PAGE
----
Aalen – My Community

Two Saturdays ago, V and I attended dinner at his colleague’s home. The coldness has been setting in here in Aalen, so we debated if we would walk or bike ride. While I love my bicycle and brought it with me from the states, I have been a chicken to do much riding here. Yes, Aalen beats Albany in regards to bike-ability, but I’ve been a bit worried about injury (there are so many steep hills, and a hill is where I had a major spill two years ago) and having my bike stolen (preferring leisure rides to using my bike as transportation, requiring it to be locked up unattended). V, always pushing me to be more, reminded me of the freedom the bike would provide us in the evening, freeing us from long, cold walks between locations. We bought a bicycle light earlier in the day, and set off on our adventure around 7 pm.

On the first downhill, I was instantly reminded of how I love biking. There is something about the activity that absolutely transports me back to being a child; I feel simultaneously nervous and gleeful with the wind in my face, picking up speed. I also spent some of my mid-twenties biking my neighborhood at dusk, getting to know the landscape in a more intimate way than in a car, but covering more ground than I could on foot. On this night, I got to see Aalen like that, and it was exhilarating.

The co-worker and his family have a sixteen-year-old exchange student from America living with them for the whole academic year. It was lovely to meet her, my first encounter with an American transplant stationed here in Aalen (V aside). A feeling of kinship washed over me upon hearing her American English accent. Over our meal, we three Americans explained some regional pronunciation (concussion as kin-kuss-shun) and slang terms (diss) to the German family. It is fascinating to notice the strangeness of our native language and remarkable to see how much understanding is nearly implicit among same-language speakers. My experience here in Germany is making my respect of and compassion for immigrants grow immensely. I am thankful to live in an age where technology lessens the heartache of longing, as familiar voices and words easily accessible via the computer.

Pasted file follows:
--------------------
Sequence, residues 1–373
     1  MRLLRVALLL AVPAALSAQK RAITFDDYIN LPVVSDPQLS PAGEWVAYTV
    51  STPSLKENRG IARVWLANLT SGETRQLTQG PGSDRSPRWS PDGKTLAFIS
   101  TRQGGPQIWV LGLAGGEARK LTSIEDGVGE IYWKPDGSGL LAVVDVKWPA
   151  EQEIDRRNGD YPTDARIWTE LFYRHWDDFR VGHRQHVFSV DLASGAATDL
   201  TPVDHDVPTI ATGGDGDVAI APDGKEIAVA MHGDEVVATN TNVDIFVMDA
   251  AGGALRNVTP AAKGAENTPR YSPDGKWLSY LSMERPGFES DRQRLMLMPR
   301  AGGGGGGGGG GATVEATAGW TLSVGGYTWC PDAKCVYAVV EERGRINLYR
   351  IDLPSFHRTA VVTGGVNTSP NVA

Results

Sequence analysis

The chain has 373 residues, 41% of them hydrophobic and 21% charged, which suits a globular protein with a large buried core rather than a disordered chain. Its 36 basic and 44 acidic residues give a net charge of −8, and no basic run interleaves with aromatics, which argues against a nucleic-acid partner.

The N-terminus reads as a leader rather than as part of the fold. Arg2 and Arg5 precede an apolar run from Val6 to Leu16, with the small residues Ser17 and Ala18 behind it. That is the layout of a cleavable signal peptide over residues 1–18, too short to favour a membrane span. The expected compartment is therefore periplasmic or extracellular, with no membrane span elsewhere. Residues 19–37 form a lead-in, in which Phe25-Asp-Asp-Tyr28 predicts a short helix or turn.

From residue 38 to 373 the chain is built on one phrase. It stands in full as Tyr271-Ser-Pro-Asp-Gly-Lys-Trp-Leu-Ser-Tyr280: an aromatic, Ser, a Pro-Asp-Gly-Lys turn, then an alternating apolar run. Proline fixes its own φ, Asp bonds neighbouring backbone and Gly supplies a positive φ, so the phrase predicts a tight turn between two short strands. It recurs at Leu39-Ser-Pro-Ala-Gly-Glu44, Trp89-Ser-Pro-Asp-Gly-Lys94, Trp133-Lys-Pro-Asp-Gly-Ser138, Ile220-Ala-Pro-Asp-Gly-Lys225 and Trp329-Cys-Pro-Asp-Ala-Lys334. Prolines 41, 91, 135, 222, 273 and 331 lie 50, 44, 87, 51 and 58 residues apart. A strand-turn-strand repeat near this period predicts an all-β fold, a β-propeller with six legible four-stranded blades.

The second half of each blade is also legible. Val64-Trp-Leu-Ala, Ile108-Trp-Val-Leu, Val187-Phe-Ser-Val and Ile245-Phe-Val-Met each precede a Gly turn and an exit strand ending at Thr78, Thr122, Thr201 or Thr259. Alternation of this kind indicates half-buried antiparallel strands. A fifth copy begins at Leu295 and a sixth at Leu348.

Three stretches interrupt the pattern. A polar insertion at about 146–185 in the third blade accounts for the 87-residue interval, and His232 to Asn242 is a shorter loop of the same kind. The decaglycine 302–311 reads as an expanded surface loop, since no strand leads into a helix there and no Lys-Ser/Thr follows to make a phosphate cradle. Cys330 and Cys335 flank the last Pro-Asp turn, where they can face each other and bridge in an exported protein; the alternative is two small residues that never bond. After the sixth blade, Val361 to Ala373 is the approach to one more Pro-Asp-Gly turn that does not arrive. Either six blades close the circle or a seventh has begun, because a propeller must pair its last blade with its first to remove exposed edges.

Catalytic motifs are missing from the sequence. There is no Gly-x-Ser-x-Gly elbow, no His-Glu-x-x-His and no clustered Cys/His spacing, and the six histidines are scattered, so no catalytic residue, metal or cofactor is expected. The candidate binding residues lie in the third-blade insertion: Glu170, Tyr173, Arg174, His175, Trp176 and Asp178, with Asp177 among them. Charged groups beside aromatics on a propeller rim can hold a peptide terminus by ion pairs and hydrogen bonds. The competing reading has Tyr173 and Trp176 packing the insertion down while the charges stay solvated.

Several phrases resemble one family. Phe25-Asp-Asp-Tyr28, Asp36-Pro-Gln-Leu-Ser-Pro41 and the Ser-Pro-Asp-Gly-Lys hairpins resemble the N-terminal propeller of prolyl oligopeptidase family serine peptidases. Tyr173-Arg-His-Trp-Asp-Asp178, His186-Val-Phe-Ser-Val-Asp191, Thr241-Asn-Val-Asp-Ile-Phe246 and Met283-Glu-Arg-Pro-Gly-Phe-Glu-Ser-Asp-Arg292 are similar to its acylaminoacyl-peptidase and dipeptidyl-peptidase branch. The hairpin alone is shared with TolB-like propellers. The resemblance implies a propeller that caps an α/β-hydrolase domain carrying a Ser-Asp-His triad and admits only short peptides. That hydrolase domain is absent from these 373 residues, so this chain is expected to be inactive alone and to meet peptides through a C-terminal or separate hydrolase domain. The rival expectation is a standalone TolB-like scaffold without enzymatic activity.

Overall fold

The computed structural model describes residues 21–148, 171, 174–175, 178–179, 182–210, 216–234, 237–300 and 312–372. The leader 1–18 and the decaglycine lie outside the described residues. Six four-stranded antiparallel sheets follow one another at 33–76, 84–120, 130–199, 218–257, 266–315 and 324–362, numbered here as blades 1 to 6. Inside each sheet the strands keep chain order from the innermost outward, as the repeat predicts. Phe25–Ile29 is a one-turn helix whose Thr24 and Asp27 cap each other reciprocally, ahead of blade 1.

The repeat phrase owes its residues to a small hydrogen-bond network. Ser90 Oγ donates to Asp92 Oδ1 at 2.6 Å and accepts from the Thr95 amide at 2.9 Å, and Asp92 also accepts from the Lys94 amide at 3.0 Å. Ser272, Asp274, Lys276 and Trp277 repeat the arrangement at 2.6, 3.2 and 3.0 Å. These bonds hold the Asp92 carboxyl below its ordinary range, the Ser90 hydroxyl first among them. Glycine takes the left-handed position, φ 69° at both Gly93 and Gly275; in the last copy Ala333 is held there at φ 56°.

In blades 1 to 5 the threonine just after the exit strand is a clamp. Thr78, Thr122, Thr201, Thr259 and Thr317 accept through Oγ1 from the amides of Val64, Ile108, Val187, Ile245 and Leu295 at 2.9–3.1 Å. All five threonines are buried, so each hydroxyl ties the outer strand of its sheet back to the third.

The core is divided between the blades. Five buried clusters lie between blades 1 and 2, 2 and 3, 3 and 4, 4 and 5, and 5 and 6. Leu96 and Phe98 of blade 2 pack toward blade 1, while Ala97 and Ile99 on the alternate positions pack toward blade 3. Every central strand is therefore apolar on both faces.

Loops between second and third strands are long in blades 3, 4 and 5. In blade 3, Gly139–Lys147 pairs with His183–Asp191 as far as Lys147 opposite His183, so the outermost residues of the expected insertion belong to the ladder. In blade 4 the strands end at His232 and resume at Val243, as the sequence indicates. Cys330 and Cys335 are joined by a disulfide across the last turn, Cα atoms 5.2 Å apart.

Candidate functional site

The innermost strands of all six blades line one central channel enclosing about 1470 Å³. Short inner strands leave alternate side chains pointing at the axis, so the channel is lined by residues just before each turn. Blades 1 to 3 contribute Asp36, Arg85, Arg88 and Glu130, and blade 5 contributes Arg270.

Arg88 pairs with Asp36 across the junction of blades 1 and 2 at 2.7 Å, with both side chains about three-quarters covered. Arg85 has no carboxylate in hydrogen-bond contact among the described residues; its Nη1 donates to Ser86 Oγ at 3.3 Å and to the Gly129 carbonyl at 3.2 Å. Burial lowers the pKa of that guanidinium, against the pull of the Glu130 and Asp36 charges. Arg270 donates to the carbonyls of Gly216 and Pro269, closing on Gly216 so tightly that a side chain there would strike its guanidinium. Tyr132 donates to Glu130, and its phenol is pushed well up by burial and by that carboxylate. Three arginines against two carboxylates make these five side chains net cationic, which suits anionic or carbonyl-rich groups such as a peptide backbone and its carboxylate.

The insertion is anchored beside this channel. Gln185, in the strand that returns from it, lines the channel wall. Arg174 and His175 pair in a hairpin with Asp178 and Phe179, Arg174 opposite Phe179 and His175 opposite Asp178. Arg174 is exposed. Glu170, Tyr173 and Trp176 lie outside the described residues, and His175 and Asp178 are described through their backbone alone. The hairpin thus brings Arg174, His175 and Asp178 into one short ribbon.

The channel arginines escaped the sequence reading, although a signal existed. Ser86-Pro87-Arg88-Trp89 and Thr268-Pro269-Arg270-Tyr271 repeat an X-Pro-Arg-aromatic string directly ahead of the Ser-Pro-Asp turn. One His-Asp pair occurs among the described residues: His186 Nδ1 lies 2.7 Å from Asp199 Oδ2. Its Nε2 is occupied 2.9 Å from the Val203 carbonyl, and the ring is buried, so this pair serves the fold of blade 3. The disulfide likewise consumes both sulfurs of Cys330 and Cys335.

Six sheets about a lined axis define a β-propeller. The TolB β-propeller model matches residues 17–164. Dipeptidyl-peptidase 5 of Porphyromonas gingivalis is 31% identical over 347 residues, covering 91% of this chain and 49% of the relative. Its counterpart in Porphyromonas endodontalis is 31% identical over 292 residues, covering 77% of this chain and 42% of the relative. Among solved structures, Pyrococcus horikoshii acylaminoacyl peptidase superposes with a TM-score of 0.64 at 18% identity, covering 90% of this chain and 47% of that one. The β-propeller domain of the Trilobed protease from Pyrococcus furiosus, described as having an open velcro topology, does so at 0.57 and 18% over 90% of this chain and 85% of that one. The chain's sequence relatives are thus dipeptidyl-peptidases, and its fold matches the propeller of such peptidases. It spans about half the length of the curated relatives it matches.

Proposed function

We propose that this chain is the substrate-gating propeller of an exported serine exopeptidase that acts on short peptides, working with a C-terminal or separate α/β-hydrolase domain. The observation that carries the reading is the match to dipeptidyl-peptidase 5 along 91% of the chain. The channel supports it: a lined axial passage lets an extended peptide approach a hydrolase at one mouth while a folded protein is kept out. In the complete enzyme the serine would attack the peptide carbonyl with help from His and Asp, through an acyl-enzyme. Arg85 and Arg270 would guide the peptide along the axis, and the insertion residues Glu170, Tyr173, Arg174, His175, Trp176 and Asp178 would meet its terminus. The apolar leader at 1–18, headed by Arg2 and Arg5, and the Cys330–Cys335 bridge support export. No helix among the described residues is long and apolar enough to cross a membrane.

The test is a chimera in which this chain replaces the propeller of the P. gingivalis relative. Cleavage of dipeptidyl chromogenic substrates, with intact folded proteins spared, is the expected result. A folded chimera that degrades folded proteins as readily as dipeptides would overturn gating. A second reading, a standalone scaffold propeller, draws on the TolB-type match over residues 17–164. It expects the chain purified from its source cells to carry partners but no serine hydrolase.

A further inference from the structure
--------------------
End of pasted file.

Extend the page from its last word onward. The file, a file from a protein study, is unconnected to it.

I was also happy to learn that this family of five does not have their own car, instead participating in a car cooperative with four other families primarily for ethical and environmental reasons. I am slowly meeting the like-minds.

In the evening, we headed to our home base bar (the one adjacent to the hotel we stayed in our first two months) and met with another American, a middle-aged man V met when I was back in the US a month ago. He has lived in Germany for twenty years, but he retains an American accent. He guided us to a different bar where an open mic show was occurring. V and I have been asking about open mics and heralding their awesomeness to all of the young people we meet. We had been told that they did not exist in the town, and we imagined trying to negotiate with our bar to host one when we have been here a little longer. The bar was completely stuffed with patrons and we watched two batches of young boys play American hard rock music. I am not fully adjusted to seeing sixteen-year-olds in bars, but they played pretty well and the audience was all ages. I spoke briefly with the promoter who said the shows happen just once every two or three months. Still, this is a good indicator about the music community in this town.

I rode my bicycle home under the moonlight, feeling a stronger excitement about and connection to my new community than I have before.

I HAVE TO learn German.

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